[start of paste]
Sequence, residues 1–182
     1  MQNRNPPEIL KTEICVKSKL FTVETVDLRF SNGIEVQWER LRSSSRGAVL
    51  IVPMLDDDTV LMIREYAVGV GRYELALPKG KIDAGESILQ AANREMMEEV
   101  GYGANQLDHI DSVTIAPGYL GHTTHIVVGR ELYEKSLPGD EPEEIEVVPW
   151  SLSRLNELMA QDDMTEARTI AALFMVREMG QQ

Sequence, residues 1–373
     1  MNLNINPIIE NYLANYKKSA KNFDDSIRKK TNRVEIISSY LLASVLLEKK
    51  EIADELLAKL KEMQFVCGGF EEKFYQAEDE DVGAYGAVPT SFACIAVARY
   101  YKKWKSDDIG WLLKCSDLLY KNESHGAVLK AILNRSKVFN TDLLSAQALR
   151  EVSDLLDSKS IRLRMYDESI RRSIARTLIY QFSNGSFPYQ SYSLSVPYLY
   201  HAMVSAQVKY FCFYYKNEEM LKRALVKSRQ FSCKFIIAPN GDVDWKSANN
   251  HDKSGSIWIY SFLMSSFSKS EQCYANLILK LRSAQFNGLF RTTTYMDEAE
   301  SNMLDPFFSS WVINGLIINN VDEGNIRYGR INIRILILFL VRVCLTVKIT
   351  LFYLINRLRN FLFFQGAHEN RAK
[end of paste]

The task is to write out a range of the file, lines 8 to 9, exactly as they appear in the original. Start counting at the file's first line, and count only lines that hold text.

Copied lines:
    51  EIADELLAKL KEMQFVCGGF EEKFYQAEDE DVGAYGAVPT SFACIAVARY
   101  YKKWKSDDIG WLLKCSDLLY KNESHGAVLK AILNRSKVFN TDLLSAQALR